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An introduction to the Quay container registry

Quay is a tool for storing containers, Helm charts, and other container-related content.
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If you're working on a cloud environment that requires the Continuous Integration (CI) process from CI/CD, you need to consider how to store and manage the built packages. What do I mean by packages? These packages can be archive files like WAR or EAR files for Java, but they can also be containerized images that include the compiled sources combined with a programming run time. They might also be base images like NodeJS, CentOS, RHEL, Windows, Python, etc. If you want to store and manage container images, you need to have a container image registry that is easy to operate yet flexible, powerful, and secure enough to meet the industry standard.

[ You might also enjoy: Essential components of a Linux-based air-gapped network ]

Enter Quay. Quay is a container registry for storing containers, Helm charts, and other container-related content. There are three flavors of Quay:

  • Red Hat Quay.io
  • Red Hat Quay
  • Project Quay

Let's examine these in more detail.

Three flavors of Quay

First is Quay.io, which is supported and managed by Red Hat and offers enterprise-level support. The service has a variety of pricing tiers for private repositories, depending on your organization's needs, and public repositories can be hosted for free. Quay.io also includes additional features for building and scanning images.

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quay.io

The second option is Red Hat Quay, which can be deployed as an on-premises solution or in a private cloud environment. This option is also available through Red Hat OpenShift as a built-in Operator.

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Red Hat Quay

Both of these options are built upon the foundation of Project Quay. Project Quay is an open source container image registry maintained by the community and based on the Apache 2.0 License. Although Project Quay is a community-driven open source project, it includes Clair, a leading container vulnerability scanner.

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Project Quay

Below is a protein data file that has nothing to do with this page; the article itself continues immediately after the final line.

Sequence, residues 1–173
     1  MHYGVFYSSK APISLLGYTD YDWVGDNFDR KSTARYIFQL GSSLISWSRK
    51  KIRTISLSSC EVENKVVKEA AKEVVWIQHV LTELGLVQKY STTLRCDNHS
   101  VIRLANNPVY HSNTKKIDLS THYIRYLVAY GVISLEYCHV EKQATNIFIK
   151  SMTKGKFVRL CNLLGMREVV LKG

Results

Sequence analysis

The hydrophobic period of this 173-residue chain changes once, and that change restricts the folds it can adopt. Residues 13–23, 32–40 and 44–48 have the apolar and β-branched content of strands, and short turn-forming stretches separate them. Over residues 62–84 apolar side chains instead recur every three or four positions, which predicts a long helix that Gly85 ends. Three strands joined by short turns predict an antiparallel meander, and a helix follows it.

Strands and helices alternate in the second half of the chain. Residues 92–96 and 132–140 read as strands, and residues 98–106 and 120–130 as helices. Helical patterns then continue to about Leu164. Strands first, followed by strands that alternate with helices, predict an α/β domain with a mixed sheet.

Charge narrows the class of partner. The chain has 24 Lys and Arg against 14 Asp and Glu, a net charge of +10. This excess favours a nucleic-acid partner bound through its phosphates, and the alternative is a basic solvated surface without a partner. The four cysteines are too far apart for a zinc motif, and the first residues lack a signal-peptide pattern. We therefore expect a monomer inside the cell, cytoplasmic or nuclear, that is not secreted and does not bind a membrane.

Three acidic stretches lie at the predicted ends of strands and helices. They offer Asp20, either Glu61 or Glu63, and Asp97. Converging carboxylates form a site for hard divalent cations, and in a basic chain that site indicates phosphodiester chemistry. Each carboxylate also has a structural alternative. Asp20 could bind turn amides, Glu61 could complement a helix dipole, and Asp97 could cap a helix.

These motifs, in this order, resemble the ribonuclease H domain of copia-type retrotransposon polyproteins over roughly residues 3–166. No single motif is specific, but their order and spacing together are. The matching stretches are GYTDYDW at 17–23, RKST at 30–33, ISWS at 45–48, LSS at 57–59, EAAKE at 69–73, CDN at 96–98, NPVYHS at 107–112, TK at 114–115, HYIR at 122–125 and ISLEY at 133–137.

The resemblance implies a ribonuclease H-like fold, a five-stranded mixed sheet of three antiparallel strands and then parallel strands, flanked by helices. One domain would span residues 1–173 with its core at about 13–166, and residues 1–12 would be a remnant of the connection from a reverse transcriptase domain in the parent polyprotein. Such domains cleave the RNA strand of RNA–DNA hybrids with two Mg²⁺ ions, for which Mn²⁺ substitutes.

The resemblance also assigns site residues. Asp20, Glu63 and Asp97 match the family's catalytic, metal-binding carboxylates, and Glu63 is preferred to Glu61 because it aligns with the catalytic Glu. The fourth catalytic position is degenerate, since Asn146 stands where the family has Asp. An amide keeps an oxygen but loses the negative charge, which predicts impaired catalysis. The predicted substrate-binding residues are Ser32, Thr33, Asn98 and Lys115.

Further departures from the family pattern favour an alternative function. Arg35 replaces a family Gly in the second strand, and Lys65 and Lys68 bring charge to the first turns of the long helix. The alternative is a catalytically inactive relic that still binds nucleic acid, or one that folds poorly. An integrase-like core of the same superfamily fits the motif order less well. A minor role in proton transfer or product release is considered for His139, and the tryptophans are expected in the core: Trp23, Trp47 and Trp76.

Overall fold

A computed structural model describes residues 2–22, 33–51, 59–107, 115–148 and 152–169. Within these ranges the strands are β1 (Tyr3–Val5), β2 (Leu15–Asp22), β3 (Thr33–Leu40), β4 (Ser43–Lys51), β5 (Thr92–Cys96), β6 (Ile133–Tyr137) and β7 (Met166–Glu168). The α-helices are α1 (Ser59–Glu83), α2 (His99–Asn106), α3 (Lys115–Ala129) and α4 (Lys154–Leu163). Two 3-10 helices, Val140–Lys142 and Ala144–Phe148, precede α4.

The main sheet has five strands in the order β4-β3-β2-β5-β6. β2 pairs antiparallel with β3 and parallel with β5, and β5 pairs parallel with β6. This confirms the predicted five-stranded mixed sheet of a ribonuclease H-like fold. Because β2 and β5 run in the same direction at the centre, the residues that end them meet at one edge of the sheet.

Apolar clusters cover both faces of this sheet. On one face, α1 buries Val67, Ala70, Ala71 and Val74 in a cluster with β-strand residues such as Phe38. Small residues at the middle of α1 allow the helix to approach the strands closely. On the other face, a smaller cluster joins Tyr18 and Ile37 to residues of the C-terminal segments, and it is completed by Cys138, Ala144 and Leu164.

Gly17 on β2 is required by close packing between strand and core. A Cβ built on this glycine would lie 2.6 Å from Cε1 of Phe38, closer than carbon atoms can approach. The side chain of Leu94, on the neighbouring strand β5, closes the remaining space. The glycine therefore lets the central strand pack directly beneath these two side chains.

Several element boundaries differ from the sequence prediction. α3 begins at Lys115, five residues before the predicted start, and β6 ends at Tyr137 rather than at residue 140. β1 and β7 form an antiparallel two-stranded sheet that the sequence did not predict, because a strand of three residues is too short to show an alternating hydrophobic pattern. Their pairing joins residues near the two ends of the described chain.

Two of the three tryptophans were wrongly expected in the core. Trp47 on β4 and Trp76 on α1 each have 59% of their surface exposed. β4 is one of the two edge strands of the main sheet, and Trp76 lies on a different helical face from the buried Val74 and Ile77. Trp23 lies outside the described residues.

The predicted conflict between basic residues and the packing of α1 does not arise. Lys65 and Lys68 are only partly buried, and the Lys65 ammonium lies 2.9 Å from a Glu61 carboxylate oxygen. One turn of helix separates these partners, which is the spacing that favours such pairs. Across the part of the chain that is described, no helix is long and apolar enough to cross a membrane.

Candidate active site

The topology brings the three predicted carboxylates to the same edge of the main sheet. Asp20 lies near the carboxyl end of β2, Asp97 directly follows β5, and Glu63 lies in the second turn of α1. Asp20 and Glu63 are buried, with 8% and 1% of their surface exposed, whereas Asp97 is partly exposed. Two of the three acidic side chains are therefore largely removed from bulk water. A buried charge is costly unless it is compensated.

Project Quay is an open source project, which means you can contribute through its GitHub repository.

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Quay open source

How do you decide which one to use?

Although there is really no gold answer that works for all scenarios, here is a table that can help you to narrow down your choice.

Scenario What you probably need
If you are just starting as a hobbyist and wanting something to deploy your container image right away You probably want Quay.io
If you want to explore or contribute to an upstream project, and are not in need of a production-ready enterprise solution You probably want Project Quay
If you want enterprise-level support, do not need on-premise hosting, and want to minimize the learning curve You probably want Quay.io
If you want enterprise-level support and want to deploy in your own cloud environment You probably want Red Hat Quay

How to get started?

After you decide which Quay flavor to explore, the best way to get started will vary. The instructions are quite different among the Quay flavors, but here are the links:

If you are using containers or Kubernetes, you might want to explore Quay Operator.

To help you further, I created few tutorial videos to make your Quay journey easier:

  1. Red Hat Quay: Building a Docker/Container image for Quay in Red Hat OpenShift
  2. Red Hat Quay: Pushing a Docker/Container image to Quay in Red Hat OpenShift
  3. Red Hat Quay: Create a Config Map to store TLS certificate in Red Hat OpenShift
  4. Red Hat Quay: Create an OpenShift secret to store Quay secret

Wrap up

A cloud environment that requires the Continuous Integration (CI) process from CI/CD, might leave you wondering how to store and manage the built packages. Container images can be a challenge to organize but I hope you can see now that Quay provides several functionality levels and options for you and your environment.

[ Get this free ebook: Managing your Kubernetes clusters for dummies. ]

 

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Topics:   Linux   Linux administration   Containers  
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Bryant Son

Bryant Jimin Son is a Consultant at Red Hat, a technology company known for its Linux server and opensource contributions. More about me

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